Two years after that, they and their colleagues had already enlisted 350,000 students on 50 campuses in 13 states to engage in civic advocacy, typically financed by student activity fees.
Mr. Ross “created dynamic and lasting organizations” that inspired and trained young people to be “engaged, sophisticated and powerful actors in a democracy,” said John Richard, president of Mr. Nader’s Essential Information research group. Lee Wasserman, who succeeded Mr. Ross as director of the Rockefeller Family Fund, which Mr. Ross ran from 1985 to 1999, said that Mr. Ross’s “exuberant insights and creative solutions” helped to “nurture a generation of public interest advocates.”
As what the fund called the “first public interest advocate hired to run a national foundation,” Mr. Ross directed grants to encourage citizen participation, government accountability and economic justice for women.
He sowed so many enduring organizations, said Mark Green, another original Nader’s Raider and New York City’s first elected public advocate, that he became “a Johnny Appleseed of public interest.”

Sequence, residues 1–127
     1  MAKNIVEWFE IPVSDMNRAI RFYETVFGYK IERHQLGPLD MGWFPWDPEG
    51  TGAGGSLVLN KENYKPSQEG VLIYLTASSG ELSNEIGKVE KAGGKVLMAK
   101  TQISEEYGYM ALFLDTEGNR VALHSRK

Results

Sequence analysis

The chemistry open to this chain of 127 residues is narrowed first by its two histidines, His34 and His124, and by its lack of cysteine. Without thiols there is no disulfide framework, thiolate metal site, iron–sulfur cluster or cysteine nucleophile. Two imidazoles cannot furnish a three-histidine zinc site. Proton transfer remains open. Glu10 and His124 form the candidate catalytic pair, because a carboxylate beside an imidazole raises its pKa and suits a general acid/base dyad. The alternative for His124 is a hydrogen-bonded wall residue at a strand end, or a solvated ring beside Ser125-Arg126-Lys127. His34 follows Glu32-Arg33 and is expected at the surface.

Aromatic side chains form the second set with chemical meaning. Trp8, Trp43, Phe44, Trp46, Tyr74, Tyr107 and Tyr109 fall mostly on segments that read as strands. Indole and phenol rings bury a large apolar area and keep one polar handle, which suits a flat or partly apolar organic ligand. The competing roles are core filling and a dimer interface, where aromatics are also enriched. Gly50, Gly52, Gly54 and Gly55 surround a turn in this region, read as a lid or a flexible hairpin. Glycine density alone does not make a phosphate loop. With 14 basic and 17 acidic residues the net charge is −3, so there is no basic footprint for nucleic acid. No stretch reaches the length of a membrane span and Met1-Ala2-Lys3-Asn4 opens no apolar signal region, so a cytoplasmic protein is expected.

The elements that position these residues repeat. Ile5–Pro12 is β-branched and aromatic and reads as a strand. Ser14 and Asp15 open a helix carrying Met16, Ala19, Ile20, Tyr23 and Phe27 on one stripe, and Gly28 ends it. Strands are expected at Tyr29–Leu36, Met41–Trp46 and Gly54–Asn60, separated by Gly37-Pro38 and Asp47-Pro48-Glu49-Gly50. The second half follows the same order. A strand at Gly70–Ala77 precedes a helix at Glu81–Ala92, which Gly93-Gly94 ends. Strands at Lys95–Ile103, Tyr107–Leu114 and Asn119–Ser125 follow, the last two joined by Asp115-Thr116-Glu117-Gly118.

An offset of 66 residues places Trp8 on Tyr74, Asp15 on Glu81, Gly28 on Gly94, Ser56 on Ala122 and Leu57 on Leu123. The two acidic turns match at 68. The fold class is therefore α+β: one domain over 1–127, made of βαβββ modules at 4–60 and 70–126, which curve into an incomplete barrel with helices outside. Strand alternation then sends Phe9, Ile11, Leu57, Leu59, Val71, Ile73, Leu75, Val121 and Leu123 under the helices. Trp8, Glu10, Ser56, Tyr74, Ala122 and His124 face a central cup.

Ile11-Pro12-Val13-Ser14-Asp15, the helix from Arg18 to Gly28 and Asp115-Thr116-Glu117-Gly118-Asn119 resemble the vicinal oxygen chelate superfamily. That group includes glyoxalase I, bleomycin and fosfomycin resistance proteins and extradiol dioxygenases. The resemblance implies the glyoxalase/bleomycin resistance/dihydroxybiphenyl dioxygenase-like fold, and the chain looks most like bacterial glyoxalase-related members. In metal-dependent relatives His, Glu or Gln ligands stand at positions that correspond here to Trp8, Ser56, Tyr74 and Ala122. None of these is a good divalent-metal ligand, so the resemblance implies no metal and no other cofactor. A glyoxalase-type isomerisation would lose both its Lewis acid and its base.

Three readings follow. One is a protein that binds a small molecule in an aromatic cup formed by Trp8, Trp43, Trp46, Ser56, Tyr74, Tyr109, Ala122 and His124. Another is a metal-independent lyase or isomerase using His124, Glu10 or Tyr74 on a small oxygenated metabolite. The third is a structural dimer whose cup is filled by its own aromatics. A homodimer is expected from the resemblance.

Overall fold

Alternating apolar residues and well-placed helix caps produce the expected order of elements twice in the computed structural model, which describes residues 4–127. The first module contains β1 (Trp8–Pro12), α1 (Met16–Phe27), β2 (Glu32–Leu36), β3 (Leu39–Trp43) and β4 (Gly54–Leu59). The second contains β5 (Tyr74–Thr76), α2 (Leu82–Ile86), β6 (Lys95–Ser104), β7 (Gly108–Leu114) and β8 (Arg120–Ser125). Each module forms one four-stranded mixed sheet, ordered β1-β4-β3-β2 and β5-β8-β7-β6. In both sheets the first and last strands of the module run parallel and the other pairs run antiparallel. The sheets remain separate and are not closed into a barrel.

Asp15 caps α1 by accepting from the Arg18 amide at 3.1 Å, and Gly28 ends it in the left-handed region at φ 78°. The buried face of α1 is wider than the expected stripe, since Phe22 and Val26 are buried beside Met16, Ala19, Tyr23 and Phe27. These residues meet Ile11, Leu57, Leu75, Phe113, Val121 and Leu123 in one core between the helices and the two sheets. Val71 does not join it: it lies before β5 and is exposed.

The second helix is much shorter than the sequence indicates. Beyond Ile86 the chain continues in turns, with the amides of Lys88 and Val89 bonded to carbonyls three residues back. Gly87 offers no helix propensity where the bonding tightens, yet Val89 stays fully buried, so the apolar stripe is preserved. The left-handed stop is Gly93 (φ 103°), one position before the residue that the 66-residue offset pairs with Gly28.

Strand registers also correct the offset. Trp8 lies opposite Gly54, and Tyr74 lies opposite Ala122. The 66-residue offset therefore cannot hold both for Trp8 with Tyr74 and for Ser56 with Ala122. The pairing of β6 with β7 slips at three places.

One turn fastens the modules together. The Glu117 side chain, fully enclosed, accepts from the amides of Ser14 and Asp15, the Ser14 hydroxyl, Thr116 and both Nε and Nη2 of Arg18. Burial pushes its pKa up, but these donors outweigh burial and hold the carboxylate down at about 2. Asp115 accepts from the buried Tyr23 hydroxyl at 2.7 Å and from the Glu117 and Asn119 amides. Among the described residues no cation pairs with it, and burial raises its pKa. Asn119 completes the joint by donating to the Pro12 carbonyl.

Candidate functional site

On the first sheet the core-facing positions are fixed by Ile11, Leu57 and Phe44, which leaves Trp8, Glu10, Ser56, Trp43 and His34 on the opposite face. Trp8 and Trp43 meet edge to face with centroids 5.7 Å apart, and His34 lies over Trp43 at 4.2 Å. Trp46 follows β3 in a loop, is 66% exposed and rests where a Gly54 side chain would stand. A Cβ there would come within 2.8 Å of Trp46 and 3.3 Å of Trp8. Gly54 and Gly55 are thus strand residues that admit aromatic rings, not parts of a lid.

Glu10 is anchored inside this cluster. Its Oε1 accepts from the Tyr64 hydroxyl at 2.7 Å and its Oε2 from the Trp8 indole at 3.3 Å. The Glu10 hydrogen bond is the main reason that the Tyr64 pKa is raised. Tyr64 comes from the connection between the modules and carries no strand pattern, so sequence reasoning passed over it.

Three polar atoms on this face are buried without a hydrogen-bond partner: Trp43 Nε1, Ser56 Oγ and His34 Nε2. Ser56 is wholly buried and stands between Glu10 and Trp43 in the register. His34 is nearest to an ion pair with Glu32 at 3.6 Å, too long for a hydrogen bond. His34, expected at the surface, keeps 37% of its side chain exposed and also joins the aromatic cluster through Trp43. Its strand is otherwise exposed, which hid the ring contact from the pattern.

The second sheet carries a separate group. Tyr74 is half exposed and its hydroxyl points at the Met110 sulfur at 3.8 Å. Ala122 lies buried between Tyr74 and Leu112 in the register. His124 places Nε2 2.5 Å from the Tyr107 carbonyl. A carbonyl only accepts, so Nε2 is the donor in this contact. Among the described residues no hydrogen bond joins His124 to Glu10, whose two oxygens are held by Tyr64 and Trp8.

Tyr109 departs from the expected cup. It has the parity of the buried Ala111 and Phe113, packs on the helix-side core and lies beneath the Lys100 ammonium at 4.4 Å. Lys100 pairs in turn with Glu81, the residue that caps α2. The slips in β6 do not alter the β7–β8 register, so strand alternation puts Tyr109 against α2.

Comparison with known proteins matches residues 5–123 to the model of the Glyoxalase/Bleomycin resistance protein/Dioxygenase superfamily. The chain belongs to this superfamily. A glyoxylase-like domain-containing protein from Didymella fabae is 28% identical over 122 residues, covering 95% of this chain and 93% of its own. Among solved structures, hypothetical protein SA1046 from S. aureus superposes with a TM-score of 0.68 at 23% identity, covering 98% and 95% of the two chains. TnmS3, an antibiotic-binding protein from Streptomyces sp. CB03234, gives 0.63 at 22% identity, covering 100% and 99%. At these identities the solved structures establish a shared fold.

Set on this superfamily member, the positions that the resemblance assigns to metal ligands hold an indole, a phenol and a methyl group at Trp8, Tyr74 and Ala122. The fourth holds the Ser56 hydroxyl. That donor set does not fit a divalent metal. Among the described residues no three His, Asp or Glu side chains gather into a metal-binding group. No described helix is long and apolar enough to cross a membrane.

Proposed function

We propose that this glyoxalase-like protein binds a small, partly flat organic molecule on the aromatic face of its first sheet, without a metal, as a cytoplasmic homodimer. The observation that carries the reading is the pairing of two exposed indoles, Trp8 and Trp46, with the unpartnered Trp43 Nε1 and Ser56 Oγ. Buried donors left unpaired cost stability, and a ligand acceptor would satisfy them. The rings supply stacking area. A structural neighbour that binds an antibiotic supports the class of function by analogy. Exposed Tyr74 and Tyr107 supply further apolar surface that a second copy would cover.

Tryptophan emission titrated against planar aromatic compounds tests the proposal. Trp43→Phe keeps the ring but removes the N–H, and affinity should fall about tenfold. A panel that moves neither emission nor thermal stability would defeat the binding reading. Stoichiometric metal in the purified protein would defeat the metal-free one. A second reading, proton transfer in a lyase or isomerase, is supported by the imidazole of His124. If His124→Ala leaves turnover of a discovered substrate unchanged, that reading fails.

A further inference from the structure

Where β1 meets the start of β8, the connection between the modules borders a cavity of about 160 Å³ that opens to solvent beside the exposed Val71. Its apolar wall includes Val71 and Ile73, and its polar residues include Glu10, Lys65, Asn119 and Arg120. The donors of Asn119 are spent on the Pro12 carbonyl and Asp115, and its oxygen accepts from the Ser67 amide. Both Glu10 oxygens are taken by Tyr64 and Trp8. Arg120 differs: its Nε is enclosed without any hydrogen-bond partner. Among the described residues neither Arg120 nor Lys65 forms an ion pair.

Donald Kemp Ross was born on June 29, 1943, in the Bedford Park section of the Bronx. His father, Hugh Ross, was an administrator for the Conservation Foundation; his mother, Helen (Kemp) Ross, was a homemaker.
After graduating from Fordham Preparatory School, he attended Fordham University in the Bronx, where, as student body president, he was instrumental in reviving club football after a 10-year hiatus in the sport’s rich history there. (That experience “taught me how to organize,” Mr. Ross told The Fordham News in 2015.)
After hitchhiking to California in 1964 and sleeping on the floor of the press room at the Republican National Convention in San Francisco, at which Barry Goldwater was nominated for president (he was, he once recalled, “eager for the chance to see up close how politics worked”), he earned a bachelor’s degree in English in 1965.